On the Maltese island of Gozo, the salt pans appeared as sheets of ice on a thirty-four degree Celsius summer day, in August last year. Josephine Xuereb, a fifth-generation salt farmer, began harvesting what she referred to as “summer snow.” Xuereb said that her family’s salt was composed of three ingredients, “sea, sun and wind.”
In the Bible, salt was used metaphorically to signify durability, loyalty, permanence, fidelity and purification. In many respects, these metaphors are better understood when one views a birthplace of salt—what salt looks like straight out of the womb and then raised by the familial stewards, who harness the elements of nature and care for it between its journey from the sea to your table.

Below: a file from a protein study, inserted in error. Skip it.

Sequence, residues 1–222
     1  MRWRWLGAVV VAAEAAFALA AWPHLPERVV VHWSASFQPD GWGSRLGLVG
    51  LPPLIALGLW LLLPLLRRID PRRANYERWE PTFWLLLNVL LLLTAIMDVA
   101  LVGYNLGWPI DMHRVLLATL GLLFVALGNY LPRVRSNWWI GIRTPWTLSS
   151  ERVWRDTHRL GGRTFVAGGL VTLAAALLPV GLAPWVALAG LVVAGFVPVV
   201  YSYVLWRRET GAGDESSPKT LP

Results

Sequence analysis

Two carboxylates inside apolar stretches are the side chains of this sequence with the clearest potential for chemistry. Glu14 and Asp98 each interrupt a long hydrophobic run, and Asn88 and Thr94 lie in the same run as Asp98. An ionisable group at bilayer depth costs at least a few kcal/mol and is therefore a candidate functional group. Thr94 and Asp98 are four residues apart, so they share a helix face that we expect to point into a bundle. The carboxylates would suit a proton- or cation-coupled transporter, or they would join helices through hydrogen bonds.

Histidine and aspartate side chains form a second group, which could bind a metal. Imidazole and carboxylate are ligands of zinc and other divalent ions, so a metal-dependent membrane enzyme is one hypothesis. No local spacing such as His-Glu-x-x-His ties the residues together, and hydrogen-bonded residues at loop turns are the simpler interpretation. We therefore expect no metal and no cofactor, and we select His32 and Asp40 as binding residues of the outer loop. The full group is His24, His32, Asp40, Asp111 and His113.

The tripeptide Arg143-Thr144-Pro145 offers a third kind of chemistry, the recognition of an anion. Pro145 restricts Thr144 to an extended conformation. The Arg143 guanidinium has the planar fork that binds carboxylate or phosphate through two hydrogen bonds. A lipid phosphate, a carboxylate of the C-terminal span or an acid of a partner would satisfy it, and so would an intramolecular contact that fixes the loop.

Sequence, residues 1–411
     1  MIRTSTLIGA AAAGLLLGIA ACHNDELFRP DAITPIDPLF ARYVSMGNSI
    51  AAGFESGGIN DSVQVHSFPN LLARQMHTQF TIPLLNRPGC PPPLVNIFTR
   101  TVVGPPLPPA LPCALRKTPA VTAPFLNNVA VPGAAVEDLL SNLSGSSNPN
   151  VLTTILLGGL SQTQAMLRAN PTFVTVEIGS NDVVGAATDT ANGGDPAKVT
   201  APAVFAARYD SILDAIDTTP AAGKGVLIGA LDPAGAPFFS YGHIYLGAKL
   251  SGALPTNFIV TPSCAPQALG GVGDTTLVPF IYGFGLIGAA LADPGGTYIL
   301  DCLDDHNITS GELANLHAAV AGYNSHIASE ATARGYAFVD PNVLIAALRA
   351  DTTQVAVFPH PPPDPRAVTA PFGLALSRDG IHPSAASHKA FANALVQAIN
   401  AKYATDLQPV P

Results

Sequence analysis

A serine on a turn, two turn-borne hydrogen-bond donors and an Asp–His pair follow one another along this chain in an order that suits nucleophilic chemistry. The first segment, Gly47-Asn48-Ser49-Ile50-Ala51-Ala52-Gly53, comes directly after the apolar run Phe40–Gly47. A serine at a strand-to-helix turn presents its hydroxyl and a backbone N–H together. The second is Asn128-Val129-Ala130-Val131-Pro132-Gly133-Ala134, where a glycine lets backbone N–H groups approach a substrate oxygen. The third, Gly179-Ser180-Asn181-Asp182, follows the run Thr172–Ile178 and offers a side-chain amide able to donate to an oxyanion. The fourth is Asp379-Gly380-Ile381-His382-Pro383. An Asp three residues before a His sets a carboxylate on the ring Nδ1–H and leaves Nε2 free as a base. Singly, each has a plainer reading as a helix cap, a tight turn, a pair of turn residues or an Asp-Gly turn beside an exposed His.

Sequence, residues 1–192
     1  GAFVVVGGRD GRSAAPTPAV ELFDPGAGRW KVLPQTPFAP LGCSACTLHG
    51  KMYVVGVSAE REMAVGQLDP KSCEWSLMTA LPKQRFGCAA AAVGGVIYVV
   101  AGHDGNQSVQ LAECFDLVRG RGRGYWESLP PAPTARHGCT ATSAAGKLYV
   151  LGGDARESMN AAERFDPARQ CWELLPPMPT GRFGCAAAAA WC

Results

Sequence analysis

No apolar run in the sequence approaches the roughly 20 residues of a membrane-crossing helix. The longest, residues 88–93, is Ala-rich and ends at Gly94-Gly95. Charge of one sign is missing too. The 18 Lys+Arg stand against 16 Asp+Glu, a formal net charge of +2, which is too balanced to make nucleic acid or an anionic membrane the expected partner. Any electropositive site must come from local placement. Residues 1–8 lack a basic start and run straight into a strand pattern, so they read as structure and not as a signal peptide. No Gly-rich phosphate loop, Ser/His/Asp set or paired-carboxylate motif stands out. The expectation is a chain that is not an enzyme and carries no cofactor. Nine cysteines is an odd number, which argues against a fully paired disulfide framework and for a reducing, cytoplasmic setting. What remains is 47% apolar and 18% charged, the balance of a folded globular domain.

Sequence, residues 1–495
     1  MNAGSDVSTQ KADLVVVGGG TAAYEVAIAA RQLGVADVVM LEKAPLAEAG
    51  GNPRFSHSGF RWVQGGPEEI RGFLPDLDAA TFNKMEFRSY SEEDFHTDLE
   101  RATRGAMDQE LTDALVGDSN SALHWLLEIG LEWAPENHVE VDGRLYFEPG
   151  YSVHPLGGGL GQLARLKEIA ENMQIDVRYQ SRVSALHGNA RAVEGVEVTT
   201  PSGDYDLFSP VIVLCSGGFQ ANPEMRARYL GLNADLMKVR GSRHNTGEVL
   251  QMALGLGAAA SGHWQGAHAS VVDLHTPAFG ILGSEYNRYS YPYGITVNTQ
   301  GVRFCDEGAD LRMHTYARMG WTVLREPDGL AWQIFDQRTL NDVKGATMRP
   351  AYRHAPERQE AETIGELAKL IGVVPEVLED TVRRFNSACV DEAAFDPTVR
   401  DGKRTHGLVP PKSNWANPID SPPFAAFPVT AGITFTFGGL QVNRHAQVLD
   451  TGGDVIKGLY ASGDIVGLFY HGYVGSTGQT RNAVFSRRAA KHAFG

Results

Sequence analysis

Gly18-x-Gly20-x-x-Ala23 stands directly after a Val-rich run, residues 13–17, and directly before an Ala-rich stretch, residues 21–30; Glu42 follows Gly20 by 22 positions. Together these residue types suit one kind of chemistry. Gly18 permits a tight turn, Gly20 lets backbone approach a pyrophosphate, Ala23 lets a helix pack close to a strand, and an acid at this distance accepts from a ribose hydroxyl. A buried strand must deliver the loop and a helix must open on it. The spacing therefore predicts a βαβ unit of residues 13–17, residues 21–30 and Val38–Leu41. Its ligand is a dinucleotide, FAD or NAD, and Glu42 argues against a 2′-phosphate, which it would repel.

Xuereb and her family of origin, the Cini family, have maintained a set of the historic salt pans in Xwejni Bay—some reportedly as old as three hundred and fifty years—in the northern part of Gozo, for over a hundred years. The family’s method of harvest and production has not changed much since its earliest days of operation. The pans here are treasured family heirlooms. Some segments have been broken by the sea and rebuilt using concrete and rock.